Verse – Burning Man (A Negative Acrostic)

Burners all must have real money,
Unless they will win the draw.
Rich folks flock to wear the funny
Nighttime costumes, whites will all
Imitate the best black dance moves,
Not that many blacks are there…
Get the best rental motor homes,

Make plans, we have time to spare
Art’s in our homes, our museums:
Narcissistic, not a care…

– Steve Shoemaker, Urbana, IL, August 31, 2014

Steve attended Burning Man 2014 in Nevada this past week. Steve’s 71, had the money to go, but shared a tent.  He wrote by email “I did accapella singing, heard great jazz, rode on an art car (see the burningman.com web site). I would only go back in an RV… For the quiet, AC, & clean toilet & shower.”

Charlie Wisseman – Acrostic

Charlie Wisseman

Charlie Wisseman

Charlie Wisseman
(An Acrostic)

Craft? Art? What is this new construction?
How is it even worth debating?
An artist surely in conception,
Real thought, and then the Thing creating…
Look well, each level may be hollow,
Inside another world is waiting,
Enlightenment may sometimes follow.

Wise man is right: so much is hidden,
Inside surprises, jokes, a giggle…
So secret are the ways to open
Sweet Sarah herself has to struggle
Each time a new box by the craftsman
Makes entrance into pure existence.
And who would know of so much hidden?
Now a pathologist, for instance?

-Steve Shoemaker, Urbana, IL, May 1, 2014

Every Stone Shall Cry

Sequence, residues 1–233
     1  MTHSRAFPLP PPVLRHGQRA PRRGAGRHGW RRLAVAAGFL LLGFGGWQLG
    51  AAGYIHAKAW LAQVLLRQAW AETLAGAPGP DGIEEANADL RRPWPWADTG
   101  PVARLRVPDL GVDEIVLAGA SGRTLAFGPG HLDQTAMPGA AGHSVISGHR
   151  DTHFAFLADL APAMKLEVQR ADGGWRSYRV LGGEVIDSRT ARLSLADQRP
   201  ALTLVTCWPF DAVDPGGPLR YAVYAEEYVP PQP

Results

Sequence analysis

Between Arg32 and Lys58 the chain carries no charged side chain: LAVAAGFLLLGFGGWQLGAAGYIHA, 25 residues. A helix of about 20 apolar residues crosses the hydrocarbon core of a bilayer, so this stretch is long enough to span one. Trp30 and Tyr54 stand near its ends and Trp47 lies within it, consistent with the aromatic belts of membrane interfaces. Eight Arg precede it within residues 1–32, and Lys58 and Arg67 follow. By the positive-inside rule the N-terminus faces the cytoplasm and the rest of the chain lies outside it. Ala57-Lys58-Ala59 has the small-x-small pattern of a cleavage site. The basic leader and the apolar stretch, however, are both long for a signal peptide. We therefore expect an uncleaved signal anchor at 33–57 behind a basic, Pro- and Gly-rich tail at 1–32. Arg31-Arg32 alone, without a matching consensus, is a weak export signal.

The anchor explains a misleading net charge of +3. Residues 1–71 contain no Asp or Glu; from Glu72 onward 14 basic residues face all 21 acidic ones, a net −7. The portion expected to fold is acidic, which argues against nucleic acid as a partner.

The stone lies

Near the pile of boulders

In the city park

Watching over the man asleep

In his cardboard shelter

And cries.


And every stone shall cry


The stone cries

Along the roadside

As the bomb explodes

Killing young  soldiers

As well as the children nearby.


And every stone shall cry


The stone knows to cry

Even before the excavator

Upheaves the earth

To take away the coal

And leaves only a ragged empty space.


And every stone shall cry.


The ancient stones

Of the wailing wall

Cry as they have cried for centuries

Listening to the prayers

Of the sufferers

And the selfish

The grieving

And the greedy

That reverberate

With echoes of misunderstanding

About who has been left out

Of the Kingdom of God .


And every stone shall cry.


Every stone shall cry

Yet goes unheard

As humankind

With hardening core

Pushes  violence



And neglect

Rumbling across the world like boulders.

– Susan Lince, Chaska, MN, January 26, 2014

The school bus driver

The white cane moving back and forth in front of him belongs to seven-year-old Sam. The little guy moves cautiously, as the blind must do, hand-in-hand with a young woman I presume to be his mother, on his way into the Artist’s Reception.

Many of the people here on this Friday night are school bus drivers for District 112 School District. I’m wondering if perhaps Sam’s mother is a school bus driver.

Turns out that the featured artist, John Lince-Hopkins, is Sam’s school bus driver. John has invited Sam to see “Morning has broken: a Celebration of Light”, the collection of oil painting that now hangs on the walls of the Gathering Space at Shepherd of the Hill Presbyterian Church in Chaska where I serve as pastor.

It’s an evening of revelation about a very special group of people who know their passengers by name, quietly welcome each child every morning, say good-bye to them in the afternoon, and watch to be sure that children like Sam with his white cane make it safely across the street no matter what dark clouds may cross their paths that day on their slow, daily journey toward adulthood.